Measuring Child Poverty
Date: 29th May 2012
Category: Basic Health and Welfare, General measures of implementation
A new UNICEF report demonstrates that, during the early years of the global economic crisis, the UK did better than many other rich countries in reducing child poverty and protecting children from deprivation. However, UNICEF UK has warned that Government policies to reduce spending may risk more children growing up in poverty.
Measuring child poverty, the latest in UNICEF's Report Card series examining child well-being in rich nations, sets out internationally comparable child poverty data from 35 countries, looking at both child deprivation and relative income poverty. Its UK launch was marked by a roundtable debate in Parliament hosted by Baroness Massey of Darwen, where speakers included the report's author Peter Adamson, the editor of The Spectator Fraser Nelson, and UNICEF UK's Executive Director David Bull.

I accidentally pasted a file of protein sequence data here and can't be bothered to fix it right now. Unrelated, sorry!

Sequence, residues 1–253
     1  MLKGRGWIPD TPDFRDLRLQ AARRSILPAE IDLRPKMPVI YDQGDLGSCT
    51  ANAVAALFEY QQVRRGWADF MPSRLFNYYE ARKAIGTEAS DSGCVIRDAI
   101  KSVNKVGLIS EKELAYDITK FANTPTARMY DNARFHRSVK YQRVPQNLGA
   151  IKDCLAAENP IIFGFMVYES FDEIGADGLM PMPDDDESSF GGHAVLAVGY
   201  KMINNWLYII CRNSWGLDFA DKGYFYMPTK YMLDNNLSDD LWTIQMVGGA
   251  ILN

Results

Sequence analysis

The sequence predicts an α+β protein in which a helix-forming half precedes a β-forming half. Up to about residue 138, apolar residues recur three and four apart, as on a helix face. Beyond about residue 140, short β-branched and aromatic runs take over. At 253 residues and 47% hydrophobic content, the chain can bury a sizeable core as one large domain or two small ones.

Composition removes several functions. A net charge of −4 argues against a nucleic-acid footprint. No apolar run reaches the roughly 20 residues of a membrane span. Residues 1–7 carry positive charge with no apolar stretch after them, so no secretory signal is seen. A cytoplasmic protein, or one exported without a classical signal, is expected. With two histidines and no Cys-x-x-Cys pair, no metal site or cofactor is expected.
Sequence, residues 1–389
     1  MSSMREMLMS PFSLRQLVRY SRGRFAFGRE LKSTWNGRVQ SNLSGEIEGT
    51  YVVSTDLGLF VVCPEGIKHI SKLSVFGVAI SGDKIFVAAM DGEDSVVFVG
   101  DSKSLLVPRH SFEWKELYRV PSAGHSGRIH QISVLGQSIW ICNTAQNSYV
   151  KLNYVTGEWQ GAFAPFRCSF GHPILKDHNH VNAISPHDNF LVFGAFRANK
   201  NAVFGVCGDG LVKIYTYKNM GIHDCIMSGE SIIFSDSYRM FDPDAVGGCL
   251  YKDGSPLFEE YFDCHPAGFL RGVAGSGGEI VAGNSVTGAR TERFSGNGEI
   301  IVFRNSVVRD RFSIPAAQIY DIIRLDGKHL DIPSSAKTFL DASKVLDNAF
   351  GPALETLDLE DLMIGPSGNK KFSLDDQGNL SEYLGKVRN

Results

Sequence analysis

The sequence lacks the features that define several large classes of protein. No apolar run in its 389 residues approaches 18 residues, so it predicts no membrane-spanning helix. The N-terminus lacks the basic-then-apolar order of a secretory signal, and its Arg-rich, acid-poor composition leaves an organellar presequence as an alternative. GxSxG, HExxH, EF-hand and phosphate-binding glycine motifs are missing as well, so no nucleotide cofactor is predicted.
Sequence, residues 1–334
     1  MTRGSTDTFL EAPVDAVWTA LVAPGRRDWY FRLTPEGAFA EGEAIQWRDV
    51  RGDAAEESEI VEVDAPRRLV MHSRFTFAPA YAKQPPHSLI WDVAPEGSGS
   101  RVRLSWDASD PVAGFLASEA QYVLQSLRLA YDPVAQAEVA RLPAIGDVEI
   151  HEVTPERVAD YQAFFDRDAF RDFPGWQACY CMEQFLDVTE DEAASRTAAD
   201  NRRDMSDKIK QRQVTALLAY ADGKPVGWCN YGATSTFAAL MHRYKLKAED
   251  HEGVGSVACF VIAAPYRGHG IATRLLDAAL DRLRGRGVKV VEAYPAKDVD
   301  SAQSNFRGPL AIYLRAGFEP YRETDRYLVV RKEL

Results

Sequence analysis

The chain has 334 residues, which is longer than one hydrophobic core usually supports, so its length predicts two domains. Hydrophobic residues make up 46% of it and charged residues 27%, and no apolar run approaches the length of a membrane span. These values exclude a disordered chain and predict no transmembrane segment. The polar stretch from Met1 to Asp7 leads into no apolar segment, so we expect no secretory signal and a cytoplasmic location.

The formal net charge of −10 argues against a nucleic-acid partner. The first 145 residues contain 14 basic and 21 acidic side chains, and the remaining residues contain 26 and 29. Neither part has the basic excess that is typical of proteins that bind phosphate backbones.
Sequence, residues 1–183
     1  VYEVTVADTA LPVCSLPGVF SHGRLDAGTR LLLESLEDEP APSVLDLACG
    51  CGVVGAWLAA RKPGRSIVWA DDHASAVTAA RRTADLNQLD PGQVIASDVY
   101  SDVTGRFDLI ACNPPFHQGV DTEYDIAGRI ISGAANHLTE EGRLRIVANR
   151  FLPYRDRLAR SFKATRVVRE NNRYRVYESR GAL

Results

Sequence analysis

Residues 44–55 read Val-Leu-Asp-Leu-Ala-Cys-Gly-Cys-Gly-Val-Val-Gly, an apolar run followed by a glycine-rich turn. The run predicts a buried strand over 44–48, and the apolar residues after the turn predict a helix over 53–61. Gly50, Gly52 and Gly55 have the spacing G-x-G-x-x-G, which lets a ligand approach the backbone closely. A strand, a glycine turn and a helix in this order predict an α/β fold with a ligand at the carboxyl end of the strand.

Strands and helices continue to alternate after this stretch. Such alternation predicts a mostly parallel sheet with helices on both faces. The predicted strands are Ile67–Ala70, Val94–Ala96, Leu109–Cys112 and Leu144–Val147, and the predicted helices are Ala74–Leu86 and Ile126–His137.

David Bull said: 'This report shows how committed Government action can make a big difference for children . . . However, we know that the number of children living in poverty in the UK is set to increase due to spending cuts. This will be a catastrophic blow to the futures of thousands of children . . . One thing is clear: Government policies to tackle the deficit must not harm children. There is only one chance at childhood; we cannot see a generation, growing up in austerity, denied the chance to fulfil their potential'.